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An ambitious Frenchman rises through the tracks, but his military victories are undermined by his marriage - Ridley Scott's underwhelming historical drama is in cinemas on Wednesday, November 22nd

The film opens with the titular character (Joaquin Phoenix, bringing an uncertain birdlike quality to the performance), walking through the rubbles of French, his eyes peering at the revolution on the streets. Electing to defeat the “Royalists and the English”, he rises through the social rankings, when he meets Joséphine (Vanessa Kirby, in a role that is weirdly underdeveloped, despite the actresses sterling credentials), and falls head over heels in love. Her presence is a common distraction: No one has ever cast such a spell on him, and the strength is such that the thought of another man beside her repulses and infuriates him in equal measure. But as he rises to the rank of Emperor, pressure is put on him to sire an heir, and he grows dubious of Joséphine’s ability to produce a successor for him.

Napoleon is an ambitious film, spoiled by the lack of an emotional centre. Phoenix, all furrowed brows and frenzied laughs, is a curious choice for the French leader, and his brio sits at odds with the bedroom scenes, where Napoleon repeatedly fails to satisfy Joséphine’s secret desires. She shacks up with a younger, more handsome man while her husband is away at war.
Phoenix is better during the battle scenes, although he is underserved by the camera work, which flits from one angle to another, confusing the narrative in the process.

The battle in Russia – all white specks and dark hues – comes across worst of all, and Scott makes little effort to distinguish one army from the next. A film of this magnitude is bound to take liberties with the historical sources, and – while the depiction of Waterloo might ruffle a few feathers – it does present some flavour of the tactics of the era. Less happily, the battle scenes are done with nary a flourish nor a feature. If the audience hears a footstep, then a soldier is about to be killed. There are no surprises, no red herrings; nada.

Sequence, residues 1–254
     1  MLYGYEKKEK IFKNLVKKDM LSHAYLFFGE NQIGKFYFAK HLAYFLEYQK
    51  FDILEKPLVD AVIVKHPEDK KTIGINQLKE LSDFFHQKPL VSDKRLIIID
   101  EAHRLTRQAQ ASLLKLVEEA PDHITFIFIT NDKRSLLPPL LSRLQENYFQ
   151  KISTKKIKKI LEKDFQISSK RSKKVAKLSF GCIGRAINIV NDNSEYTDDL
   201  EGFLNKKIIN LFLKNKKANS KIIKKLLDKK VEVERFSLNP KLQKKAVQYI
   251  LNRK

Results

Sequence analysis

Napoleon also disappoints in its depiction of women. Joséphine anchors her husband’s desire, but she spends much of the film offscreen, and her presence is only mentioned via flashbacks and letters. In essence, Kirby is there to be plucked by a ravenous husband, who twists and turns until he exhausts himself. The only other female character of note is Marie-Louise, a 15-year-old who weds Napoleon after the annulment of his marriage to Joséphine, who speaks of her attraction to the French Emperor, before following him to his bedroom. Glaringly, she is never seen or heard from again. This wouldn’t be such an issue if it wasn’t for the fact that the film opens up with Marie Antoinette’s execution, which Scott films with giddy, semi-schoolboy like glee.

Ridley Scott’s latest historical drama is disappointing. Considering the talent – an Oscar winning lead matching with a director of Scott’s calibre – this could be one of 2023’s most memorable works. Instead, what we get is something that is bland, banal and driven by old fashioned, sexist ideals. More happily, the film highlights Napoleon’s unquestioning desire to win no matter the cost. The film closes out with a memorial of sorts to the many men who laid down their lives for his Empire, cautioning viewers to the promises of idealistic young leaders in the process.

Napoleon is in cinemas on Friday, November 22nd.

By Eoghan Lyng - 23-11-2023

Throughout a journey found through his own writings and the writings of other filmmakers, Eoghan has taken to the spirit of the surreal to find greater meaning from the real. He finds it far easier to...

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